By comparison, other types of art—whether hiding out as sculpture or remaining within the realm of painting but, as it were, on strike against it—came closer to Engels’ idea of undialectical negation. One of the most important works of art of this kind from the 1960s was Dennis Oppenheim’s Directed Seeding—Cancelled Crop, executed at Finsterwolde, in the Netherlands, in 1969, which comprised the planting of a wheat field and its subsequent harvesting in an enormous “X” pattern. Here allusions to painting were deliberate, although made from a position outside the discourse of painting: in Oppenheim’s words, “Planting and cultivating my own material is like mining one’s own pigment (for paint)—I can direct the later stages of development at will. In this case the material is planted and cultivated for the sole purpose of withholding it from a produce-oriented system. Isolating this grain from further processing (production of food stuffs) becomes like stopping raw pigment from becoming an illusionistic force on canvas.”38 What was it Engels had said about grinding down a grain of barley? Oppenheim’s cancelling ”X“ can be found as a recurrent motif, with the clear function of negation, in works by the prolific Spanish Marxist painter Antonio Tàpies, and, in the last few years, in Katherine Porter’s paintings, Swann’s Song, 1975 (Pittsburgh, Carnegie Institute), for example. The motif obviously originates in the making of working drawings, where the artist changes his mind and crosses out a division or zone, or where he merely wants to make an area apparent (as when workmen soap an ”X" on windows in buildings under construction). As such, some of the most interesting examples of this device are Mondrian’s little abstract sketches on opened out cardboard cigarette packages, works such a Classical Drawing No. 17: Blue Line Cigarette Pack Cover, 1939.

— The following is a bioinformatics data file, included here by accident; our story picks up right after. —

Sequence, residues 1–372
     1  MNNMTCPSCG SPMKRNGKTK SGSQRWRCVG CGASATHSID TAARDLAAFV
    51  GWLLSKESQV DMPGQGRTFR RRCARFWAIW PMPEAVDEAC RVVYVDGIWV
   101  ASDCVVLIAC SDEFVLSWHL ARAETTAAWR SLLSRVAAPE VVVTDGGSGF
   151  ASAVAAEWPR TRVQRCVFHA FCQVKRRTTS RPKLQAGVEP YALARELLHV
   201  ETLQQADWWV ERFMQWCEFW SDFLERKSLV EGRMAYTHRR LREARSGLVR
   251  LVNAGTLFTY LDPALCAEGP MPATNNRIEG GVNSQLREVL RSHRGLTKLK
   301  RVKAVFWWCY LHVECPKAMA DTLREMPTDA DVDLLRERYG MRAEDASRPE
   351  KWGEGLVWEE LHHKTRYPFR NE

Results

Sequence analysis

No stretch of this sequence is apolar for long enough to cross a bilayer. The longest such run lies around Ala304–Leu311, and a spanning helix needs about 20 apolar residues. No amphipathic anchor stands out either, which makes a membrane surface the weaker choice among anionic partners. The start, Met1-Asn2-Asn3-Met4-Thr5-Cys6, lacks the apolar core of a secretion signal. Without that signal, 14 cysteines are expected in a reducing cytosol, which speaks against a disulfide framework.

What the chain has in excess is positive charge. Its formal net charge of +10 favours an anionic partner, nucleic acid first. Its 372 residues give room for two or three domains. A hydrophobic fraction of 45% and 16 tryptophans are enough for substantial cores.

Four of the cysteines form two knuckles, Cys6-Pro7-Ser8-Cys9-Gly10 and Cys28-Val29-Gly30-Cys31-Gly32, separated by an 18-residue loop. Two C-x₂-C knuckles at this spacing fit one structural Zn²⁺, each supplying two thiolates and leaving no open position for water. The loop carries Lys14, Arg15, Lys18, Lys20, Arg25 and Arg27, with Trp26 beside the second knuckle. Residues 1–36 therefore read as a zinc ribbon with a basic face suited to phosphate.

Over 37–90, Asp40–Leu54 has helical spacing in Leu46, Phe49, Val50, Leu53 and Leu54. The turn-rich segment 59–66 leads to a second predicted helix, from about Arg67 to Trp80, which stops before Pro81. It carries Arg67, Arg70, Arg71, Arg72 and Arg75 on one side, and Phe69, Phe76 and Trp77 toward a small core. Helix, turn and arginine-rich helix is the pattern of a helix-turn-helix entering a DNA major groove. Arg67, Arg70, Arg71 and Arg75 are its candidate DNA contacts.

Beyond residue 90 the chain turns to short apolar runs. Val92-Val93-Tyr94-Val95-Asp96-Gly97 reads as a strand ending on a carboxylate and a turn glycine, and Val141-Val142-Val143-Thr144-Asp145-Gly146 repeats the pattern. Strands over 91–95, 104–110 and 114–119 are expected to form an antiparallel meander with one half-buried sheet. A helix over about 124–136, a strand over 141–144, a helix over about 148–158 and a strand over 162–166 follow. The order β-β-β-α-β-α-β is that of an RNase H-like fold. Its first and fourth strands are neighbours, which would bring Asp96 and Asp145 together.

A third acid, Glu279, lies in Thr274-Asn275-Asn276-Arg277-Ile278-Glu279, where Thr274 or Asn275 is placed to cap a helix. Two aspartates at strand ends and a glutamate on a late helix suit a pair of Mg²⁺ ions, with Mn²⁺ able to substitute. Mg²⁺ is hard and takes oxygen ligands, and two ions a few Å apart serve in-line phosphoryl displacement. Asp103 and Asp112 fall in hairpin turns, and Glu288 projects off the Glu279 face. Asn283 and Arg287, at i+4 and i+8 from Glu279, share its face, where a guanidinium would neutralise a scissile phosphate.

The crisis in painting and sculpture dates back at least a decade earlier than its most ostentatious manifestations of around 1970. This is not ultimately a matter of style, and not even primarily a function of the fabulous success of the few best known practitioners of one or two discrete styles, although those who think that it did not manifest itself in style also oversimplify. More profoundly, it had to do with a posture of detachment from large issues of meaning and from all deep analysis except the most psychologistic. Take a distinguished example, William Empson’s classic Seven Types of Ambiguity (1955), describing the most ambiguous of the ambiguities in Empson’s taxonomy, that where “the two values of the ambiguity are the two opposite meanings defined by the context, so that the total effect is to show a fundamental division in the writer’s mind. . . . The criterion . . . becomes psychological rather than logical, in that the crucial point of the definition has become the idea of a context, and the total attitude to that context of the individual.” Furthermore: